Stuart Gentle Publisher at Onrec

How Workers’ Compensation Works

Employers and business owners pay for this insurance and are required, by law, not to pass this cost to their employees

Workers’ compensation is an insurance policy that provides medical care and/or cash benefits to workers who fall ill or get injured while working their jobs. Employers and business owners pay for this insurance and are required, by law, not to pass this cost to their employees. The medical care and cash benefits are sorted and paid for by the company’s insurance carrier at the direction of the Worker's Compensation Board.

This board processes workers’ compensation claims and determines whether they will receive cash settlements, medical care, or both. They also determine how much the insurance carrier should pay the affected worker.

In most of these cases, no party is declared to be at fault, so the settlement amount is not determined by the worker or employer’s perceived negligence. However, an injured worker’s claim may be denied if it is proven that their injury resulted from the influence of alcohol or drugs. It can also be denied if they intentionally hurt themselves or another worker.

Companies, through their insurance carriers, honor worker compensation claims if they successfully determine and agree that the illness or injury occurred because of their work. Otherwise, they reserve the right to dispute the claim and delay any payment until a judge rules in favor of the worker.

Insurance carriers work with Pharmacy Benefit Managers (PBMs) like myMatrixx to make sure that ill or injured workers receive the appropriate medication at the lowest possible cost. myMatrixx has an online tool that claims professionals can use to manage pharmacy and clinical programs. This workers compensation PBM solution provider gives claims professionals the information they need to get the most cost-effective clinical solutions for companies.

Companies need to assess the kind of compensation their workers are likely to claim and choose a PBM with the clinical resources to handle them cost-effectively.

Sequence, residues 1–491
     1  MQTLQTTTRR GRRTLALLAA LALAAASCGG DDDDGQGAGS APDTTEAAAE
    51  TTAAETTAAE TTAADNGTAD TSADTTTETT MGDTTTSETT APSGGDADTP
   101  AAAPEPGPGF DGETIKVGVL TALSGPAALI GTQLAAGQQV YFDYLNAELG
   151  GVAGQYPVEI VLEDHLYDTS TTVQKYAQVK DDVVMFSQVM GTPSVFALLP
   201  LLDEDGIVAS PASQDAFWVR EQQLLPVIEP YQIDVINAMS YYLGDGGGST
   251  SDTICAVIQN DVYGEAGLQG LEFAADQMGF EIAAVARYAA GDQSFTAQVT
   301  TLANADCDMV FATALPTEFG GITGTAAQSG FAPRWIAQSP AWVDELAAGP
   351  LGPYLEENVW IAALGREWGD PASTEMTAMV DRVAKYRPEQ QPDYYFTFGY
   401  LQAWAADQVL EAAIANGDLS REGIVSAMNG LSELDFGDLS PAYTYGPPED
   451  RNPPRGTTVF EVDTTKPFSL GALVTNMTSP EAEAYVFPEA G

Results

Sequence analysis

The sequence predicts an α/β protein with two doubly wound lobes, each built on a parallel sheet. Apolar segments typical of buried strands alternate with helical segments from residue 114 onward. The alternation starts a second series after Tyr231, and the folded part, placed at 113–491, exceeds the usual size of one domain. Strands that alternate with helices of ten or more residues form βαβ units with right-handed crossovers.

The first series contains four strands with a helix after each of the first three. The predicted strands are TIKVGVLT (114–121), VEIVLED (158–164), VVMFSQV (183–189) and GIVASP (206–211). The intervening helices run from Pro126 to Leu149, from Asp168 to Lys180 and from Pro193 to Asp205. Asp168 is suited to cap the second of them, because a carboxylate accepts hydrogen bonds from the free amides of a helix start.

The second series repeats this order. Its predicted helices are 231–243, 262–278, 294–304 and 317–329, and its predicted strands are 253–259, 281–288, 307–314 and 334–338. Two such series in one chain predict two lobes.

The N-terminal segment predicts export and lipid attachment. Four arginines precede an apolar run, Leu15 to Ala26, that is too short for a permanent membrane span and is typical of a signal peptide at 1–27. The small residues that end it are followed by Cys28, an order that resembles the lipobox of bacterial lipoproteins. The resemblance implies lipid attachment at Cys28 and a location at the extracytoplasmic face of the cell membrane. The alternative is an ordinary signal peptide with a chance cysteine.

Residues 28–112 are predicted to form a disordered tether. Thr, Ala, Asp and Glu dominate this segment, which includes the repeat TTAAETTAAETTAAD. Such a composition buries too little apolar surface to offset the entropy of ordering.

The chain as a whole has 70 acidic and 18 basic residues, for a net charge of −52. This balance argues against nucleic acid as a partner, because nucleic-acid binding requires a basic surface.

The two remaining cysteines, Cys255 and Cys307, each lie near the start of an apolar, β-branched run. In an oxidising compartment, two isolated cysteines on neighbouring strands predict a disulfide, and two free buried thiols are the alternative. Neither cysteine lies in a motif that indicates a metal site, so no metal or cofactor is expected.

The Role of PBMs

Pharmacy Benefit Managers do not distribute prescription drugs, but they negotiate drug prices and payments with drug manufacturers, healthcare providers, pharmacies, and health insurance companies.

Whenever a new drug is developed, the manufacturers and wholesalers agree on a price, then the wholesalers will supply it to retail pharmacies at their price. PBMs make agreements with drug manufacturers on behalf of insurance carriers and receive rebates as part of the agreement. They also pay pharmacies for the drugs they dispense to ill or injured workers on behalf of a company's insurance carrier.

PBMs also create and maintain lists of prescription drugs that a company’s health insurance policy will cover. This list is called a formulary. Formularies often contain recommended evidence-based medication that is effective in treating various ailments. These lists exist to ensure that ill or injured workers use the most effective and affordable medication available.

However, there are times when affected workers need medicine that is not on a PBM’s formulary. In these cases, healthcare professionals are allowed to prescribe close alternatives on the list or use the drug regardless.


Workers’ compensation exists to protect and support employees who sustain injuries or fall ill because of their jobs and avoid lawsuits. It ensures that they recover quickly, do not suffer unnecessarily, and do not worsen their health because they lack access to healthcare. PBMs like myMatrixx are crucial to this effort because they help companies and insurance providers find the most cost-effective patient solutions when settling a compensation claim.